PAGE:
Adenosine triphosphate serves as a universal energy currency in all living organisms. Adenosine is the backbone on which the three high-energy phosphate bonds of ATP store and transport energy. When the supply of O2 is lower than the demand, the cytosolic concentration of adenosine increases in direct proportion to a decline in ATP. Adenosine rapidly exits hypoxic cells via an equilibrative nucleoside transporter, resulting in a steady increase in the extracellular concentration of adenosine (Dunwiddie and Masino, 2001). Essentially all cell types express adenosine receptors, which generally suppress activity and thereby preserve viability of metabolically stressed cells. The dual function of adenosine as an energy metabolite and as a transmitter provides an elegantly simple and powerful mechanism of endogenous protection. In the brain, active firing neurons will release adenosine, which binds to A1 receptors and counteracts additional neuronal firing primarily through the inhibition of presynaptic Ca2+ channels. This effect is concomitant with hyperpolarization of the resting membrane potential by the opening of K+ channels (Higgins et al, 1994).
This study was prompted by the report that cultured astrocytes release adenosine during mildly hypoxic conditions. This observation was surprising, because cultured astrocytes are extraordinarily resistant to hypoxia and can survive for days without a significant loss of cells in oxygen-depleted conditions (Chesler, 2005). However, if astrocytes release adenosine during mildly hypoxic condition, this mechanism could have an important neuroprotective role by suppressing the activity of nearby neurons. We have here compared adenosine release from cultured astrocytes using a chemiluminescence assay (Kather et al, 1987; Martin et al, 2007) with the more traditional HPLC detection of purines (Cui et al, 2009; Goldman et al, 2010). Our analysis show that cultured astrocytes do not release adenosine during mildly hypoxic conditions and that the chemiluminescence assay is unreliable. Consistent with our findings, a study using thin layer chromatography showed that tritium-labeled adenine nucleotides and adenosine released from astrocytes were not significantly affected by OGD treatment (Parkinson et al, 2002). Similarly, adenosine release from astrocytes was not observed during OGD, but was enhanced after reintroduction of oxygen and glucose (Ciccarelli et al, 1999). Furthermore, OGD significantly increased the release of purines from cultured neurons, but not from cultured astrocytes (Parkinson et al, 2002). In agreement with this observation, OGD evoked tetrodotoxin-sensitive neuronal adenosine release in hippocampal slices (Pedata et al, 1993). Neurons are more susceptible to hypoxia-induced cell death than astrocytes (Litsky et al, 1999), which may correlate with a faster depletion of cellular ATP and thereby an increase in adenosine (Parkinson and Xiong, 2004). Astrocytes contain large quantities of glycogen and can survive for long periods without oxygen, meaning that they are less reliant on glucose for ATP levels maintenance (Fillenz et al, 1999; Shulman et al, 2001). One study has, however, been able to detect adenosine release from astrocytes in response to hypoxic conditions by flushing the spinner flask with 95% N2/5% CO2. In this study, astrocytes were cultured at high density on microcarrier beads and it is possible that the cells experienced more severe hypoxia during these conditions as a consequence of increased competition for O2 (Kulik et al, 2010). Based on the literature and the observations reported here, we conclude that it is more likely that highly metabolically active neurons are the source of adenosine released during hypoxic conditions, in accordance with earlier reports.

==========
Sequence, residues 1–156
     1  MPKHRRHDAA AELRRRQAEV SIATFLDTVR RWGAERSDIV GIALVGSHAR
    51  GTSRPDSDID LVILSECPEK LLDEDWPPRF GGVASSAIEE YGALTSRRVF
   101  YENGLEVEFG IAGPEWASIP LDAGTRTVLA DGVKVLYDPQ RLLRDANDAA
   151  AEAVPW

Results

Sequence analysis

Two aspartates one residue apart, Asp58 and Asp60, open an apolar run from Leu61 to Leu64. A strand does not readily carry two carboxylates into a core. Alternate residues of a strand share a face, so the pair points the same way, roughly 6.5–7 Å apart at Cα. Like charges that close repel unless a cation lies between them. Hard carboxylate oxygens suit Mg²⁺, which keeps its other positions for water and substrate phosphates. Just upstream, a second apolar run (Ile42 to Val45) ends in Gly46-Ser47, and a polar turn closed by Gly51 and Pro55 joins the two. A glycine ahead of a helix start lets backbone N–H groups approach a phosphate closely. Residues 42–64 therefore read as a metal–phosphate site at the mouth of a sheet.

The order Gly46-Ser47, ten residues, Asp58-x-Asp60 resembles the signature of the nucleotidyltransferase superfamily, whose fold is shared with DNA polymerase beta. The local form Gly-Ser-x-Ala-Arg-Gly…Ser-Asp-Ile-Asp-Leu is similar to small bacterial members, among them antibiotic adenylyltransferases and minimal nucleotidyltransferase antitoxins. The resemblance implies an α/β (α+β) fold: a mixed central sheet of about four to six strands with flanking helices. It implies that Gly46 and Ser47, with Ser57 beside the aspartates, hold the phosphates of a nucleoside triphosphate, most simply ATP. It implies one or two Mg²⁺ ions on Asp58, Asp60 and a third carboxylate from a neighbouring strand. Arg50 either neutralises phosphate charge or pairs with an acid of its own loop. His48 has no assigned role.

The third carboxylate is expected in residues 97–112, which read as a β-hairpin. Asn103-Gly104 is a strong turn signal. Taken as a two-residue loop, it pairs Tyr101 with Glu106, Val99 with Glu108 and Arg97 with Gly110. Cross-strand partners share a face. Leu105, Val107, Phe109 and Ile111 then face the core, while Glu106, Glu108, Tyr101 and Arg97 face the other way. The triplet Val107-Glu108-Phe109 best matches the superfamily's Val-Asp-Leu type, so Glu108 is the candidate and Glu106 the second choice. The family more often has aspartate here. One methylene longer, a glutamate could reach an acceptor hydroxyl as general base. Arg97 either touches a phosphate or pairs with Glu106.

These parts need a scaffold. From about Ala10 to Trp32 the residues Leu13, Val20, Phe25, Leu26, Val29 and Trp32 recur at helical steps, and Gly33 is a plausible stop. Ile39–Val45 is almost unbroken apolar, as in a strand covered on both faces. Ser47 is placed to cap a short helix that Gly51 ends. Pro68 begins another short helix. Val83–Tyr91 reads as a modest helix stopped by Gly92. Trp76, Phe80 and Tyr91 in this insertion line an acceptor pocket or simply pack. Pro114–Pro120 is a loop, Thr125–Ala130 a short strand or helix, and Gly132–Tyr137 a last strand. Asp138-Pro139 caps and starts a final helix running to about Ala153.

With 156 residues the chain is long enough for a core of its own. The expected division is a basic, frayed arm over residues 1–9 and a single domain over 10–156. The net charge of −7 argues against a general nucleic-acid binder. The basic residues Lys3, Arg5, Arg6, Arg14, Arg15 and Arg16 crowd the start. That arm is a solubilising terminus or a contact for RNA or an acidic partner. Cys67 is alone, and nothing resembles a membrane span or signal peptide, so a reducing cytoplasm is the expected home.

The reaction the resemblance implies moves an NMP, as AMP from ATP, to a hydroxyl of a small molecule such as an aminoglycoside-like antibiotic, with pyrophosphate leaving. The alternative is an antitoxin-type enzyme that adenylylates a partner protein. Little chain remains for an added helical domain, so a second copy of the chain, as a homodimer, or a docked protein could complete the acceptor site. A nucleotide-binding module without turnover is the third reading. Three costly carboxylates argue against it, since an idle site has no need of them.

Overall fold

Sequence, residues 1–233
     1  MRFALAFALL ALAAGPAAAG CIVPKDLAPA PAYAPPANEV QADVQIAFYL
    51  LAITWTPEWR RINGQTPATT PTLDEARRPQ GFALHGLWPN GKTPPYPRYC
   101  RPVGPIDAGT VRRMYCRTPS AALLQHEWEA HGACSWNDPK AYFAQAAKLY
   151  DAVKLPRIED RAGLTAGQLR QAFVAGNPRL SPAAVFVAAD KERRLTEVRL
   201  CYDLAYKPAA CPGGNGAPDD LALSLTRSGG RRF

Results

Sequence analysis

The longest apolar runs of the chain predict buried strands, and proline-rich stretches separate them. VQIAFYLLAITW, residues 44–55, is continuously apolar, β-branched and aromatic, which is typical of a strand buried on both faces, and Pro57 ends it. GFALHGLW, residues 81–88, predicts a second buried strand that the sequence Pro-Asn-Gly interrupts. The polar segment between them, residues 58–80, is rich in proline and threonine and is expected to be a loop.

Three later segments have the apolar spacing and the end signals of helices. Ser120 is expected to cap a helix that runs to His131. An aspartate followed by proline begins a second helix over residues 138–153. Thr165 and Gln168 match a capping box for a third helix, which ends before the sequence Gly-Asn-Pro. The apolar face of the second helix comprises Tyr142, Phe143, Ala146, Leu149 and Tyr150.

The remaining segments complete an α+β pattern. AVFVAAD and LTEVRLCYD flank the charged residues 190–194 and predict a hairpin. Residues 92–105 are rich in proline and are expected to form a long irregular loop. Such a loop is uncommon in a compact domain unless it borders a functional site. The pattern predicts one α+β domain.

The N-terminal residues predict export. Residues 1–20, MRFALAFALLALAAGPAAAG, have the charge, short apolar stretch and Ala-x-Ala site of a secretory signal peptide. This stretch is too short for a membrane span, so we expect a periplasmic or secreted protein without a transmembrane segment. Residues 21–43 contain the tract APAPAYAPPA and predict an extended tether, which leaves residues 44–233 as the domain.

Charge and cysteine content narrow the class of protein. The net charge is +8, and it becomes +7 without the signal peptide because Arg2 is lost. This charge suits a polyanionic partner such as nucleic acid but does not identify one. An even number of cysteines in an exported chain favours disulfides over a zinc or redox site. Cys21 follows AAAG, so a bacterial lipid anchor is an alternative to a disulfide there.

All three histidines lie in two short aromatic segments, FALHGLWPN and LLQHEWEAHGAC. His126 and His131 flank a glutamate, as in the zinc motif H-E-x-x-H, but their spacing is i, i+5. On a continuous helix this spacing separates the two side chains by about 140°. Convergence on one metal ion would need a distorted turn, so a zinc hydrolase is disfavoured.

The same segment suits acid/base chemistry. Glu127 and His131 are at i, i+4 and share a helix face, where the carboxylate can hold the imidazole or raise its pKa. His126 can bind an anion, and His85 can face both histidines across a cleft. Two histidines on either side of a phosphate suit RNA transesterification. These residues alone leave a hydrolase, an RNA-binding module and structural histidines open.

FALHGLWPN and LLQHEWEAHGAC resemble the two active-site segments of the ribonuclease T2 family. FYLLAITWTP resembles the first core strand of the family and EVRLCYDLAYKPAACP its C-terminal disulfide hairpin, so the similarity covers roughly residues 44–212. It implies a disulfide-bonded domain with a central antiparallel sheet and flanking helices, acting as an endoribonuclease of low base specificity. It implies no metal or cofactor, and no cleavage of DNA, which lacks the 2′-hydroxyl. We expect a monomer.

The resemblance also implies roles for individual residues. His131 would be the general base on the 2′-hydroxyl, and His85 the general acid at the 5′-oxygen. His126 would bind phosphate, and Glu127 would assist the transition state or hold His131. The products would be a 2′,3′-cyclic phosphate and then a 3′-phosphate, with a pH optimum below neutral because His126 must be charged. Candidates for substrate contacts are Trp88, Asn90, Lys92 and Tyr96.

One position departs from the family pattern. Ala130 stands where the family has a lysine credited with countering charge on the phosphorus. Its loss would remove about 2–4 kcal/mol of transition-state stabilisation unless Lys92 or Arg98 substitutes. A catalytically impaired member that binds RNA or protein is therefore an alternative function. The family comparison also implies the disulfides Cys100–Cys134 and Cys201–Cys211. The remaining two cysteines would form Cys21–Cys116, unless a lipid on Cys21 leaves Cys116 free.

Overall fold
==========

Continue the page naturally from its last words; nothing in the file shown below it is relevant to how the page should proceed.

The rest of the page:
The chemiluminescent adenosine assay is based on the principle that enzymatic degradation of adenosine into hydrogen peroxide (and uric acid) serves as a substrate for generation of photons in presence of horseradish peroxidase and luminol (Figure 1A). Since the metabolic products of adenosine also are present in biological samples, the specificity for adenosine is obtained by first adding the enzymes that degrade inosine, hypoxanthine, and xanthine. Adenosine deaminase is added in a second step after photon production in the first step has stabilized (Kather et al, 1987). Our study was unable to reproduce the mildly hypoxic condition-induced adenosine release (Martin et al, 2007). It is possible that the difference in results reflect the use of serial two-step instead of single-step procedure. Our analysis indicated that it is critical to use the two-step principle, since it is not otherwise possible to discriminate between inosine and adenosine (Figures 2C and 2D). Notably, inability to discriminate adenosine from its assay metabolites would likely be confounding; it has previously been reported that metabolic disturbances, including inhibition of oxidative phosphorylation or glycolysis, induced ~2- to 4-fold more inosine and hypoxanthine release than adenosine release from astrocytes (Parkinson et al, 2002). In addition, a study using spinal cord tissue preparations showed that hypoxia induces the release of intracellularly produced inosine. The hypoxia-induced increase of extracellular inosine was markedly higher than that of adenosine (Takahashi et al, 2010). Moreover, although we found that the chemiluminescence assay accurately detected adenosine when the two-step procedure was followed, it was not possible to quantify adenosine in samples collected from hypoxic cultures even when the two-step procedure was used. During hypoxic conditions, most cell types, including astrocytes, release free-radical scavengers (Griffin et al, 2005; Schroeter et al, 1999). Since the last step of the assay relies on hydrogen peroxide generated by xanthine oxidase, it is likely that the free-radical scavengers released from hypoxic cells will interfere with this last enzymatic step. In support of this mechanism, addition of low concentrations of an exogenous free-radical scavenger (17β-estradiol) potently reduced the luminescence readout (Figure 2B). Thus, cultured astrocytes do not release adenosine during mildly hypoxic conditions, and the chemiluminescence assay cannot be used for measurement of adenosine released in response to hypoxia.
The authors declare no conflict of interest.
This work was supported by NINDS/NIH.